Oftentimes in Machine Learning, you are working towards solving a classification problem. For example, will someone default on their credit card payment, or pay it on time? Or, based on specific factors, will the flight be classified as delayed or non-delayed? In order to solve these problems, datasets will need to have data for each possible outcome, otherwise known as each “class”. However, the amount of information available for each class may be uneven. If 90% of your data belongs to one class, and 10% to the other, you will be faced with the issue of class imbalance. If you use this imbalanced data when running your machine learning models, it is likely that your models will misclassify several results due to the frequency of certain classes in your dataset. As a result, there are several techniques that can be implemented to negate this issue, and we will cover these right now in this blog post!
- SMOTE technique
The “SMOTE” technique works by creating synthesized samples for your dataset, using a nearest neighbors method, particularly for the class that is less frequent. This is considered an “oversampling” method, since we are creating additional observations for the minority class. Once this resampled data is generated, it can be trained on using any machine learning algorithm.
Here is an example of the SMOTE technique in action; the original dataset was a 64%/36% split between the two classes, however once SMOTE was applied, the synthesized sample data had a 50/50 split. This new resampled data can then be used to overcome the issues that occur with imbalanced datasets.
Another idea is to remove information from the majority class. As an example, using the original class distribution above, we would apply undersampling by removing information from the “0” class in the original class distribution, which would help even out the class distribution of the dataset. The downside to this technique, however, is that valuable information could be removed from the data while attempting to achieve a more even class distribution. As a result, this method is best when the dataset is very large, as it poses less of a risk of removing crucial information from the dataset being used.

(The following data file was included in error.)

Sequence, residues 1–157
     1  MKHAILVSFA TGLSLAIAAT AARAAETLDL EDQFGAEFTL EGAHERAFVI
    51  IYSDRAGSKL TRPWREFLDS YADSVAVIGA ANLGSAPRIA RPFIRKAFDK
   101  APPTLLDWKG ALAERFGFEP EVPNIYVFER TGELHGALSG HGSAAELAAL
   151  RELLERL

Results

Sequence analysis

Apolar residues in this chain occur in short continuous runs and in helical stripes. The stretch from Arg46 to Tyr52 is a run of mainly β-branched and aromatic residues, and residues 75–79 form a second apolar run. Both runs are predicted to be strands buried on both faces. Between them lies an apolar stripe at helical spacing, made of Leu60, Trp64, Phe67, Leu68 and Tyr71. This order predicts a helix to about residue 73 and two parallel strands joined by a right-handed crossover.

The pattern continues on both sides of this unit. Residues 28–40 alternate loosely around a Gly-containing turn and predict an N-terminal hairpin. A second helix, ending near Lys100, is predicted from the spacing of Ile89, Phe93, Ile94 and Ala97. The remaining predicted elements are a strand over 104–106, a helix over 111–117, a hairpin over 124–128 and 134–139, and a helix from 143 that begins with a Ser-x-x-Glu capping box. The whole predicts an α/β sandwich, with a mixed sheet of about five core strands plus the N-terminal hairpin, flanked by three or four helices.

Implementing this process is quite simple; below is an example from my “Predicting Flight Delay” project on Github where the majority class are flights that are not delayed, therefore the column where ‘DELAYED’=0. Here, using sckit-learn’s resample method, I downside this target value in order to improve the class imbalance:
3. Change performance metric
When dealing with imbalanced data, it is important to pay attention to which performance metric you are aiming to optimize; either accuracy, precision, recall or F1 score. Accuracy is often a default metric to analyze, however precision, recall, or F1 score may be more appropriate depending on the context of the problem. A brief explanation of these metrics is as follows:
Precision: Precision identifies which items that were predicted as positive are actually positive. This is calculated as True Positives / (True Positives + False Positives). A high precision score means that there are a low number of false positives and if false positives are harmful to your model, precision should be optimized.
Recall: Recall identifies how many total positives there are out of all the actual positives, i.e. ones that are positive but are classified as false negatives. To calculate recall, the formula is True Positives / (True Positives + False Negatives). A high recall score would indicate that there are a low number of false negatives. If false negatives are harmful to your model, i.e. identifying credit card fraud, then it is important to optimize recall.
F1 score: If both minimizing false negatives and false positives are important to your model, then F1 score is likely the most appropriate. F1 score provides a weighted average between precision and recall, which is calculated as: 2True Positives /(2True Positives + False Positives + False Negatives). If you are looking to balance precision and recall in your analysis, this calculation for F1 score does exactly that.
4. Principal Component Analysis (PCA)
PCA can be applied to mitigate various issues related to machine learning modeling. Overall, PCA can be used to improve sampling of very large datasets by removing their dimensionality, which can be done by reducing the amount of variables without removing much of the information from the dataset. The variables are grouped together based on their similarity to one another and the relative importance of each variable. PCA is a rather complex concept built on linear algebra which I will explore in more detail in a future blog post, however it is relevant to consider PCA when selecting sampling techniques as a way to improve class imbalances.
This blog post only considers some of the many methods that can be used when dealing with class imbalance. Overall, when choosing the ideal method, it is important to determine what you are aiming to achieve in your analysis, and which performance metric you would like to optimize. Thank you for reading!